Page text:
The reason for Charles III’s swollen fingers has been revealed: it can happen to anyone


While the current King Charles III was still a prince in his royal duties, there was often confusion among social media users.

According to Google Trends, the most common related search terms were “Prince Charles’ fingers” or “Prince Charles’ sausage fingers”. In recent years, Twitter users have also discussed this topic at great length because Charles’ fingers appeared to be swollen.

in 2021 In May, Charles III was photographed during a royal engagement in a south London pub, where his swollen fingers caused serious concern among fans. Charles’ fingers also drew attention at his father Prince Philip’s funeral in April last year.

It is reported that in 2012 King Charles III mocked his “sausage-shaped fingers” on a tour of Australia, writes

Why are my hands swollen?

Swelling of the hands and fingers can be caused by a variety of reasons, so it is important to discuss your symptoms with your doctor. According to NHS England, the condition, known as oedema, refers to swelling of the hands and hands due to fluid build-up and is often self-limiting.

However, if the condition does not improve or worsens after several days of treatment at home, it is recommended to consult a family doctor. Symptoms of edema include swollen arms, hands, or shiny, stretched, or reddened skin.

Edema can also affect the ankles, feet, and legs. You should see your GP or call 911 immediately if: if only one arm or hand swells for no apparent reason, such as an injury, the swelling is severe, painful or starts very suddenly,

the swollen area is red or feels hot to the touch, your arm or hand is swollen, you have a very high temperature or chills, you have diabetes and your arm or hand is swollen. If you feel shortness of breath or difficulty breathing, chest tightness – call for emergency medical help.

Edema is usually caused by:

  • if you stay in the same position for too long,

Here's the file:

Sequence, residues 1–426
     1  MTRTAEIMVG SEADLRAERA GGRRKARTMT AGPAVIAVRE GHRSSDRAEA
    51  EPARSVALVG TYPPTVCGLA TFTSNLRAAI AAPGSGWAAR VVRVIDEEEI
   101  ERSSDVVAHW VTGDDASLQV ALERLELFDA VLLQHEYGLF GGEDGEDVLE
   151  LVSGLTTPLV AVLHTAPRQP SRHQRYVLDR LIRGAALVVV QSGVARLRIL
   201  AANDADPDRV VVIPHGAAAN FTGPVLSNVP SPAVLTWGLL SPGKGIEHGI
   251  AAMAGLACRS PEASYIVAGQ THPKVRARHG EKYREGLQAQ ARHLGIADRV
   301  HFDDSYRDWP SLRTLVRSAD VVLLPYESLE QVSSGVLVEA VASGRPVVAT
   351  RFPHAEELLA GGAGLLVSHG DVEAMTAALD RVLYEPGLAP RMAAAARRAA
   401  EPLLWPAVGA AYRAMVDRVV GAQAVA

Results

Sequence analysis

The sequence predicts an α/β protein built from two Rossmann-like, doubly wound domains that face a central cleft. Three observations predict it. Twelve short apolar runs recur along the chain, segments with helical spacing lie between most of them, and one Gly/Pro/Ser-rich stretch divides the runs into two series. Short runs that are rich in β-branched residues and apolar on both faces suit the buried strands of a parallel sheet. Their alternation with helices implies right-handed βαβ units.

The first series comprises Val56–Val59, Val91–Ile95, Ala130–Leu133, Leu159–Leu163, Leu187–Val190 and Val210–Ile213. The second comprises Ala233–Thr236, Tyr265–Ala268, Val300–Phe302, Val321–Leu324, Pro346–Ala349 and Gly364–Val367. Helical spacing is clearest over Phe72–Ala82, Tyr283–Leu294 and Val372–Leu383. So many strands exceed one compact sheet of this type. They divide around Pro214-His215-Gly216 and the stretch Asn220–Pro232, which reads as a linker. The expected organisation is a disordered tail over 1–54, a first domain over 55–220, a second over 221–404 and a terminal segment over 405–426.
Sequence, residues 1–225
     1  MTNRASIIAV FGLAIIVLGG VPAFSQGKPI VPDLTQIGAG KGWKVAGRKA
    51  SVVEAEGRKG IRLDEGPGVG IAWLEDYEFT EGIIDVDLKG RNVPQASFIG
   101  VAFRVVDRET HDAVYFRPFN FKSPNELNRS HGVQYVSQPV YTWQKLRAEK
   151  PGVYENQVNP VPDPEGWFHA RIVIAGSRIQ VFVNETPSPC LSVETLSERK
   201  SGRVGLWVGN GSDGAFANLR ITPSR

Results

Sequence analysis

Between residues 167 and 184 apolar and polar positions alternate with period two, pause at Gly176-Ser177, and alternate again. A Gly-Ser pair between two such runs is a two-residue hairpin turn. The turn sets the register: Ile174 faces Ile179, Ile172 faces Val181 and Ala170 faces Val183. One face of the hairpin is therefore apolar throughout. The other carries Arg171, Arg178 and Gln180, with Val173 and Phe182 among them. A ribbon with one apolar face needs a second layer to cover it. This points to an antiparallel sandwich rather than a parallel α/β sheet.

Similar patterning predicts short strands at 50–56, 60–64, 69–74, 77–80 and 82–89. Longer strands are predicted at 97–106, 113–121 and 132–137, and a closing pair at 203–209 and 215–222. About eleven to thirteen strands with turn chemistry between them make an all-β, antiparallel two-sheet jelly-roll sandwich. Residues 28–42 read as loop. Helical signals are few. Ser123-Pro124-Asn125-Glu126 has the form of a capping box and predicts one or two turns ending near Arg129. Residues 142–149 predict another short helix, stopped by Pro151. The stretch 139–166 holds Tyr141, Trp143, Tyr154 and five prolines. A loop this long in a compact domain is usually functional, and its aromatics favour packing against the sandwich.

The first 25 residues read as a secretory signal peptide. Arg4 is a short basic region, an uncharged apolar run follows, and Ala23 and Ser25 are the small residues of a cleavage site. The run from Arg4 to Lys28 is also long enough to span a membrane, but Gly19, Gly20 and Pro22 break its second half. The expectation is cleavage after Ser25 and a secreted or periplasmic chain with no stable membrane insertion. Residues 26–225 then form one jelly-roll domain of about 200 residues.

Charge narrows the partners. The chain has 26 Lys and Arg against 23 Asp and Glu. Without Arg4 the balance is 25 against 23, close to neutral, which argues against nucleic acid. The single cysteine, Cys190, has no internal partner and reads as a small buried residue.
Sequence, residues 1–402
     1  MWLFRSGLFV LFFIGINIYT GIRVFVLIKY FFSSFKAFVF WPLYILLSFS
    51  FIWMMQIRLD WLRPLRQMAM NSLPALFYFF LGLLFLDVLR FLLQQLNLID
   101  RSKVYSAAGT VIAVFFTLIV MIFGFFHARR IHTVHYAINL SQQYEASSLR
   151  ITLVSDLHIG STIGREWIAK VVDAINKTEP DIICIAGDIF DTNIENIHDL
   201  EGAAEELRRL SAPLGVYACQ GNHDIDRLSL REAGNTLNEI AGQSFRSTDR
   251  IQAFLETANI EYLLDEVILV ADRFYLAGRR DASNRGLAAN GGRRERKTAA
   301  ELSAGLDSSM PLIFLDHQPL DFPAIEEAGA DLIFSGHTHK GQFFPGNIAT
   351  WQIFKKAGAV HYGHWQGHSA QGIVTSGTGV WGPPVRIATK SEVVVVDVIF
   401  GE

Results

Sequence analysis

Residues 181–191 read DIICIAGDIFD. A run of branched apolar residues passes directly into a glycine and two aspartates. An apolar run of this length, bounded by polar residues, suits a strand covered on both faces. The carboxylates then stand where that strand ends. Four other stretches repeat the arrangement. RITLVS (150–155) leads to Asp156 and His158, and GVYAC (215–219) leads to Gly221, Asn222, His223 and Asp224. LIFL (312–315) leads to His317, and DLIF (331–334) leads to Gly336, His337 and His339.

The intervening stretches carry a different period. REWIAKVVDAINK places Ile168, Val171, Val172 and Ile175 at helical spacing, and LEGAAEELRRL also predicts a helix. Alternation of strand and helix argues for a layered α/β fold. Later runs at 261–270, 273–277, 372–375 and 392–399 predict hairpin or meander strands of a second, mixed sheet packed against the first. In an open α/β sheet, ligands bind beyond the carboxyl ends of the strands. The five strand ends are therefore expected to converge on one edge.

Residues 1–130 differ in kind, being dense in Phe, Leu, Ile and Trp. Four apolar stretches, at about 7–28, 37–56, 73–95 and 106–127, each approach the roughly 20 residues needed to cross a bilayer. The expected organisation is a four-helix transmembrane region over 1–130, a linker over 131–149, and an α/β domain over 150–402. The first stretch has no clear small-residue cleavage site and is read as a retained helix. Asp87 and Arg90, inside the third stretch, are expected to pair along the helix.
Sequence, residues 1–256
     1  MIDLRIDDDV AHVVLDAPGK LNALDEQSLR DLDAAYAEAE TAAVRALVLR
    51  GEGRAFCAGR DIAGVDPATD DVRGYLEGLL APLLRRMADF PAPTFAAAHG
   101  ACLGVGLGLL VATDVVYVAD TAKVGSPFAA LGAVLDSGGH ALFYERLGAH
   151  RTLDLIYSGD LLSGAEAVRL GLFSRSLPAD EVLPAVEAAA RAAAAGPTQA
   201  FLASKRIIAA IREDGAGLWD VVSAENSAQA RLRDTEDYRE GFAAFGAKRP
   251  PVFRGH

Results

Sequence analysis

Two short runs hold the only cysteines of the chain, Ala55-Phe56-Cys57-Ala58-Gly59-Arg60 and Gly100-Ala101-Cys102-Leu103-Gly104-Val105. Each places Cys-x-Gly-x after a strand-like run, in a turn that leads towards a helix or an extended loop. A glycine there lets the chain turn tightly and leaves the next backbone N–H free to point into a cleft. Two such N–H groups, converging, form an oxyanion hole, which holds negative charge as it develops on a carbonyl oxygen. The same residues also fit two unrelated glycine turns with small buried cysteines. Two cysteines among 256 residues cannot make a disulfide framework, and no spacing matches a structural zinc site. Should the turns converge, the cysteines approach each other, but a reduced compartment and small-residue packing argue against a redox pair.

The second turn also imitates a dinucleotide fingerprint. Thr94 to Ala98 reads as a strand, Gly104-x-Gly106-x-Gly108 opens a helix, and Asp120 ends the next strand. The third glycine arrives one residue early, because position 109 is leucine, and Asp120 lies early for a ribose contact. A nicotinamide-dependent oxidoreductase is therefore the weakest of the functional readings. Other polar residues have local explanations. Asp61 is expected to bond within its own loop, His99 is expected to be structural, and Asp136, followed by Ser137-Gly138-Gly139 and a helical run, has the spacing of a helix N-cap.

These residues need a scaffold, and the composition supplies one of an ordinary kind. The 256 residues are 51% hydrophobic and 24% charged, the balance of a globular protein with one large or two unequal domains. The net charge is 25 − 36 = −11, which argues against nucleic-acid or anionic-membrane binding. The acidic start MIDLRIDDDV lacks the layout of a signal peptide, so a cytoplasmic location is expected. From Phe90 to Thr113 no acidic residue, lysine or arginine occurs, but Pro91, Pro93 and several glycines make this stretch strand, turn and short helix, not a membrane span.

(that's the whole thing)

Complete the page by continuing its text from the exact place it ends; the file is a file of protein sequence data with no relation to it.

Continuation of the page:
• you eat too much salty food
  • you are pregnant
  • you are taking certain medicines, such as some blood pressure medicines, birth control pills, antidepressants or steroids.

Edema can also be caused by:

  • an injury such as a sprain or dislocation
  • sudden changes in temperature, such as very hot weather,
  • insect bite or sting,
  • skin allergy such as angioedema
  • kidney, liver or heart problems,
  • blood clot
  • infection,
  • some medical conditions such as lymphedema or psoriatic arthritis.

How can you relieve swelling?

The NHS recommends the following to reduce the swelling of the oedema: lie down and use pillows to elevate swollen limbs when you can, move your whole arm and shoulder – try raising your arm above your head, clench and release your fist,

massage your hand or hand upwards with firm but painless pressure – for example, start at the fingertips and work your way up towards the palm,

do gentle exercise such as walking to improve circulation, drink plenty of water, wash your hands, dry them and apply moisturizer to prevent infection, soak your hands in warm-cold baths.

People who suffer from swelling of the arms or hands should avoid staying in the same position for a long time and should not wear too tight clothes.

The article is in Lithuanian

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